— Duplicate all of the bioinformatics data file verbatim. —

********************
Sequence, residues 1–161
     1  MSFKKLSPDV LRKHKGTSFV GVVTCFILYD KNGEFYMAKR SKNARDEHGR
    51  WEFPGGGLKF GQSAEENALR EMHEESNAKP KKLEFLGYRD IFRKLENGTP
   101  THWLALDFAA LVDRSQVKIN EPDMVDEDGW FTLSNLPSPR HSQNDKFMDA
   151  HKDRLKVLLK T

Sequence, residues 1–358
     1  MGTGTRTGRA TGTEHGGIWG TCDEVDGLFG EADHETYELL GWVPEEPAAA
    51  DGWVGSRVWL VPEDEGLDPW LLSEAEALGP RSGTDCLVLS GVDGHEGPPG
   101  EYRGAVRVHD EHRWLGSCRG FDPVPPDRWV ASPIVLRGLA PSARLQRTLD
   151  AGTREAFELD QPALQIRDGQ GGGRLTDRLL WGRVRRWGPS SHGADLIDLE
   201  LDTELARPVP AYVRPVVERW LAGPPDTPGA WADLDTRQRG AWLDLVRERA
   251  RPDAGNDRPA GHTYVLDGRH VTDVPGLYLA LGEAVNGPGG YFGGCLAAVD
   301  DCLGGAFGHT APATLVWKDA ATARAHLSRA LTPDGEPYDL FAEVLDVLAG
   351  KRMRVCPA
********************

Sequence, residues 1–161
     1  MSFKKLSPDV LRKHKGTSFV GVVTCFILYD KNGEFYMAKR SKNARDEHGR
    51  WEFPGGGLKF GQSAEENALR EMHEESNAKP KKLEFLGYRD IFRKLENGTP
   101  THWLALDFAA LVDRSQVKIN EPDMVDEDGW FTLSNLPSPR HSQNDKFMDA
   151  HKDRLKVLLK T

Sequence, residues 1–358
     1  MGTGTRTGRA TGTEHGGIWG TCDEVDGLFG EADHETYELL GWVPEEPAAA
    51  DGWVGSRVWL VPEDEGLDPW LLSEAEALGP RSGTDCLVLS GVDGHEGPPG
   101  EYRGAVRVHD EHRWLGSCRG FDPVPPDRWV ASPIVLRGLA PSARLQRTLD
   151  AGTREAFELD QPALQIRDGQ GGGRLTDRLL WGRVRRWGPS SHGADLIDLE
   201  LDTELARPVP AYVRPVVERW LAGPPDTPGA WADLDTRQRG AWLDLVRERA
   251  RPDAGNDRPA GHTYVLDGRH VTDVPGLYLA LGEAVNGPGG YFGGCLAAVD
   301  DCLGGAFGHT APATLVWKDA ATARAHLSRA LTPDGEPYDL FAEVLDVLAG
   351  KRMRVCPA